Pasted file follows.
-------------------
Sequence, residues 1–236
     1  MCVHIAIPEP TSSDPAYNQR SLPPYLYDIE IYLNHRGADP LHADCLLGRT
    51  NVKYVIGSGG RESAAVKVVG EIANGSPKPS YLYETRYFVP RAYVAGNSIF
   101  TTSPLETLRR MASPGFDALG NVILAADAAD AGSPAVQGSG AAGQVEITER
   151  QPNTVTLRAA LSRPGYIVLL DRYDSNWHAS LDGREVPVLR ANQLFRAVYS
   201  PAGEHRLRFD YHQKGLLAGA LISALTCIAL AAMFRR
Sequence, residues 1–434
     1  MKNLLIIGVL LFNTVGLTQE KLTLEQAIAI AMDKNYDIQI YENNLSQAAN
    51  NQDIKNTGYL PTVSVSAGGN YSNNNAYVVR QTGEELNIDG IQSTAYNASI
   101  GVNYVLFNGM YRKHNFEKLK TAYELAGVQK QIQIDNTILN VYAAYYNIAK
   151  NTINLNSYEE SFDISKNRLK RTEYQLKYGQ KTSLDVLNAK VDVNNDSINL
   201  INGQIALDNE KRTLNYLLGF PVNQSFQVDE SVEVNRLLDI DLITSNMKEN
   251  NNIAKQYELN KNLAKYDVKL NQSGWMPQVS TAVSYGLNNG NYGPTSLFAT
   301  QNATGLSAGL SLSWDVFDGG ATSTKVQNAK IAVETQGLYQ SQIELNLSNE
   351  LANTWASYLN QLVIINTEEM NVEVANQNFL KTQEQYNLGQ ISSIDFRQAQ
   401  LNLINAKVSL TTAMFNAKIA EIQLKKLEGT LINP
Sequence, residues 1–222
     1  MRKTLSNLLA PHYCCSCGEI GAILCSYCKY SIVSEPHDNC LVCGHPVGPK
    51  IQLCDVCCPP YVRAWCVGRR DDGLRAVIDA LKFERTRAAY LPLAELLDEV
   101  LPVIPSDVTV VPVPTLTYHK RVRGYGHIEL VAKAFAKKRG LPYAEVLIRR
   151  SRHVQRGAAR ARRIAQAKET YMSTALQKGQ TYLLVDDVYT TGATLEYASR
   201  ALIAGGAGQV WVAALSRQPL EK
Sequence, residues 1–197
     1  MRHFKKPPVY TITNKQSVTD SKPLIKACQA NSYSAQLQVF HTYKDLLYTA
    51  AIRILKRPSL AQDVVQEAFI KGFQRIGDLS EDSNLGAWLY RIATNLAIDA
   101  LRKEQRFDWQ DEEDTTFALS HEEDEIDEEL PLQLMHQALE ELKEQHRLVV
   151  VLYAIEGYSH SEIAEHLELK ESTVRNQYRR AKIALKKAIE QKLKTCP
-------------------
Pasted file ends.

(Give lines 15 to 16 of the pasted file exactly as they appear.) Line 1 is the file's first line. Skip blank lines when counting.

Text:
   351  LANTWASYLN QLVIINTEEM NVEVANQNFL KTQEQYNLGQ ISSIDFRQAQ
   401  LNLINAKVSL TTAMFNAKIA EIQLKKLEGT LINP